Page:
So this post is going to be a joint effort with my wife, Jen.

We went to high school together in Connecticut, and reconnected after many years and found ourselves to be a very good fit.

Unbeknownst to me, she had been suffering from a chronic auto-immune disease, fibromyalgia, for decades, since shortly after we graduated high school.
"Fibromyalgia affects about 4 million US adults, about 2% of the adult population."
When we reconnected in 2019, she was a Greger-style near-vegan, running her own organic farm in upstate New York, and producing most of her own food. She was also quite ill, overweight, and on a number of medications.

So at our first dinner together, after negotiating with the waitress about what food I could eat and winding up with a plate of sausages and a hard cider, I mentioned why I eat the way I do, and told her what to eat:
"Avoid seed oils, refined carbohydrates, refined sugars, and make sure to eat animal protein and animal fats."
Just a sentence. While we were friends, I didn't want to get into a diet debate with a vegan.

A few weeks later she let me know that she had fixed her diet, and was down 17 lbs already (for a total of 56 lbs over the next few months, back to beauty-queen weight).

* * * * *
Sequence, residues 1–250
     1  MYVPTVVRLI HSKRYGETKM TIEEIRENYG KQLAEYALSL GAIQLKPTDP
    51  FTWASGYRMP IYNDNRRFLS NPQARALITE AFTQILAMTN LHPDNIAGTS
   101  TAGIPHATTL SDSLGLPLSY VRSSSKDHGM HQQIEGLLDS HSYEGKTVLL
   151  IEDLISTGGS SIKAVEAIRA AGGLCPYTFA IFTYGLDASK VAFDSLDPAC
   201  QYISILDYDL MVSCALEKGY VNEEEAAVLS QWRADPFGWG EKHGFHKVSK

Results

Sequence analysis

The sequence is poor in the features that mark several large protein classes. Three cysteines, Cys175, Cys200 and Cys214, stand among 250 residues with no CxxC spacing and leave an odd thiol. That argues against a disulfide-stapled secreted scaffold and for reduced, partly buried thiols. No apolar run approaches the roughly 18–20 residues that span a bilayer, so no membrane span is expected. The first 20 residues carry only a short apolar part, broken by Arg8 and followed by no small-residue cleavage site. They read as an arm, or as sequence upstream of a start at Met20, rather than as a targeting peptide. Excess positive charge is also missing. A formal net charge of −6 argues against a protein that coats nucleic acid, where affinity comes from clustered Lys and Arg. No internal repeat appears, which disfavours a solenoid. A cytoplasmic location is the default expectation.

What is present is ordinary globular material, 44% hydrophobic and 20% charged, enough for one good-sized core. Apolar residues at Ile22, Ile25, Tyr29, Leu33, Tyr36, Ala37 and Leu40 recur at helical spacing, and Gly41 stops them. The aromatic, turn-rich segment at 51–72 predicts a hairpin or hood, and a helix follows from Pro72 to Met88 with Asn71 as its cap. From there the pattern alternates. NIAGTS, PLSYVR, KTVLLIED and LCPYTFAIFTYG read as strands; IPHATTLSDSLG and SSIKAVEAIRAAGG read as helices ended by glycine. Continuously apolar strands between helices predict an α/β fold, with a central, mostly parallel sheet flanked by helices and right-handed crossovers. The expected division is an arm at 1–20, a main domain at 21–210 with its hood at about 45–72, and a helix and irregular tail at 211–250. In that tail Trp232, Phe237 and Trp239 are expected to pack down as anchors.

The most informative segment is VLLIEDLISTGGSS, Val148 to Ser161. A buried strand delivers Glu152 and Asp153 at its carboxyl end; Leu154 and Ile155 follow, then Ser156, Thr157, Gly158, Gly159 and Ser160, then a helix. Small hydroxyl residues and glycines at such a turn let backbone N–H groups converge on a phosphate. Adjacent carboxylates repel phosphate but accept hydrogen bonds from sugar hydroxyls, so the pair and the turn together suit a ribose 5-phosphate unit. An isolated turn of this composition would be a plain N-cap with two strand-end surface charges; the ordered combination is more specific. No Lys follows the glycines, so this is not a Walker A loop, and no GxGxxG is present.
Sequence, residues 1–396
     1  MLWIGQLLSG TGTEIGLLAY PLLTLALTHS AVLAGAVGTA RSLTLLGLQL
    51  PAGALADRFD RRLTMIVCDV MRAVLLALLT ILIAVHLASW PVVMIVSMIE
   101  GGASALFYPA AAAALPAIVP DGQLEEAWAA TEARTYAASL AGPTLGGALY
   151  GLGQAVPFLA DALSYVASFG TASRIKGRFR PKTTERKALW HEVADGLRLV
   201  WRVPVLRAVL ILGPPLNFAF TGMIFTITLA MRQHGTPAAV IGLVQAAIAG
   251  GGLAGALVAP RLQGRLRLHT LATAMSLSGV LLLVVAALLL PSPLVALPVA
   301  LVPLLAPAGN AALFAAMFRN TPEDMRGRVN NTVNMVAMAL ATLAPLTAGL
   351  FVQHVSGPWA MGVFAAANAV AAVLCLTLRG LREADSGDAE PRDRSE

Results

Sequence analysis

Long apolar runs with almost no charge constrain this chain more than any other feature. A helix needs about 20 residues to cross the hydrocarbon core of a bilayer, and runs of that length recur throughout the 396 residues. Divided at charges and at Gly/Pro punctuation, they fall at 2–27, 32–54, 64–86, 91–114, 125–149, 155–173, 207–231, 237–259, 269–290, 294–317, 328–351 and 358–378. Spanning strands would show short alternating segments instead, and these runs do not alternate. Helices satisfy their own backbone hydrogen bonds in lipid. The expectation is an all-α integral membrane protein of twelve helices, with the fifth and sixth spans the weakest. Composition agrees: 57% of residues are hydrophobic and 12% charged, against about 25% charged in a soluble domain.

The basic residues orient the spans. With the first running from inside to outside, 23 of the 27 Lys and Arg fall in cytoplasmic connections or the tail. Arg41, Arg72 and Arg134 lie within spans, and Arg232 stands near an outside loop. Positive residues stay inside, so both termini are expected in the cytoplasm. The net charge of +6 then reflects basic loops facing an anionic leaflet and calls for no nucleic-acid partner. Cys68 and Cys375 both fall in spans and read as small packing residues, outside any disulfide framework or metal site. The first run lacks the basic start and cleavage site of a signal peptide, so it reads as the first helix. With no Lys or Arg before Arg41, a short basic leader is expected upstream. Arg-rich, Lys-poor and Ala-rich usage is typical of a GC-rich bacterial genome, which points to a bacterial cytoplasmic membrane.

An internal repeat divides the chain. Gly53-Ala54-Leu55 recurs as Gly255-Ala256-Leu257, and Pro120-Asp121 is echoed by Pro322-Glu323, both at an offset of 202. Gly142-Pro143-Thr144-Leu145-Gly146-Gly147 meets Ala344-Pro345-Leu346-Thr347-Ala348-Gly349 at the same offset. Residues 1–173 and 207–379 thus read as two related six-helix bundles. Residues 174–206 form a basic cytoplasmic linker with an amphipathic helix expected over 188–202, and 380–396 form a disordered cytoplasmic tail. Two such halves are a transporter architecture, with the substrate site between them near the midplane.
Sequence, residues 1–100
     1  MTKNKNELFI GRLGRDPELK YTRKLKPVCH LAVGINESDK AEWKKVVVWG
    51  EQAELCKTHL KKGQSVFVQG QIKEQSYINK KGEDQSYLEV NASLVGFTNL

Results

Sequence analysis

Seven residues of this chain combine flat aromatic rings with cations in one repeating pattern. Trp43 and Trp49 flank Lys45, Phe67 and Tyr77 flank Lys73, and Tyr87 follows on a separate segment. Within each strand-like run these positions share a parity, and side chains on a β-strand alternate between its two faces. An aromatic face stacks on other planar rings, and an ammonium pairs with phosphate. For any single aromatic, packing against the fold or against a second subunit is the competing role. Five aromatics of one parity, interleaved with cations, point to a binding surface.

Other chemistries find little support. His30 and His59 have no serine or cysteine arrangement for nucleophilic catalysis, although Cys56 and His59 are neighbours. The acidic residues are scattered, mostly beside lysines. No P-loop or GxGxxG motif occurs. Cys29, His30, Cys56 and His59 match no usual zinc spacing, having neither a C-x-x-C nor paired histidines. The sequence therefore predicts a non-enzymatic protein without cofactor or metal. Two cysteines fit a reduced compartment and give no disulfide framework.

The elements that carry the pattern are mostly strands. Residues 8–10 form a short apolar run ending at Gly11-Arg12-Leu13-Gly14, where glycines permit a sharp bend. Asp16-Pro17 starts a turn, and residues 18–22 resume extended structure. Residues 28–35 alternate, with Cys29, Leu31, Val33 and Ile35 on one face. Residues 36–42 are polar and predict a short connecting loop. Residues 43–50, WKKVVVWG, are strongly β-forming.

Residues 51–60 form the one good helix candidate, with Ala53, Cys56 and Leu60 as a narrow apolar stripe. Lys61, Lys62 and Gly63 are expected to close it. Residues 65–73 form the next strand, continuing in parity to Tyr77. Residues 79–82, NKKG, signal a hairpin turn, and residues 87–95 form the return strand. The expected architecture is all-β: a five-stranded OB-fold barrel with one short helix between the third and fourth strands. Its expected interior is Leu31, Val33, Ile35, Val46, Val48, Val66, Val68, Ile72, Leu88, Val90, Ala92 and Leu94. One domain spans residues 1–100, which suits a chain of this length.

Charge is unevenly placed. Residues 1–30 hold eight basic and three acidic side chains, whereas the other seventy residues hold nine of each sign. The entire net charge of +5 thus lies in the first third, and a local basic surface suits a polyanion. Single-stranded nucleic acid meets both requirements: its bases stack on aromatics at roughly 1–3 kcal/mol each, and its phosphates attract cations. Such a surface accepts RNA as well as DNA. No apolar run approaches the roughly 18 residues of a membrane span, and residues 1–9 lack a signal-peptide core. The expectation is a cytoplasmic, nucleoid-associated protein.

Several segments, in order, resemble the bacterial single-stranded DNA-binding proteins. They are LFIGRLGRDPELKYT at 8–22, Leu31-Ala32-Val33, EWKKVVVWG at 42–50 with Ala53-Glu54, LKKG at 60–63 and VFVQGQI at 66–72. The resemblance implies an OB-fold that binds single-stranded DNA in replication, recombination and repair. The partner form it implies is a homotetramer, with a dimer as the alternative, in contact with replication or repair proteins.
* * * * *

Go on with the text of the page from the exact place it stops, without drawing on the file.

What she didn't mention until much later was the fibromyalgia. What a near-vegan diet, a physician's care, and drugs hadn't accomplished was fixed with a paleo diet in a few months: the pain went away, for the first time in decades.

She had also suffered from cracks in her heels. I first learned about this from the Barefoot Sisters (podcast at the link), who were also vegetarians. I've long had a suspicion that heel cracks were a function of a low animal-fat diet, and along with the fibromyalgia, the heel cracks resolved.

So two years into this process, we went to LA for a few days for the Ancestral Health Symposium 2021, where I spoke. Since we were staying in a (very nice!) hotel where the conference was held, it was unavoidable that we were going to have to eat out in restaurants, something we do very rarely at home.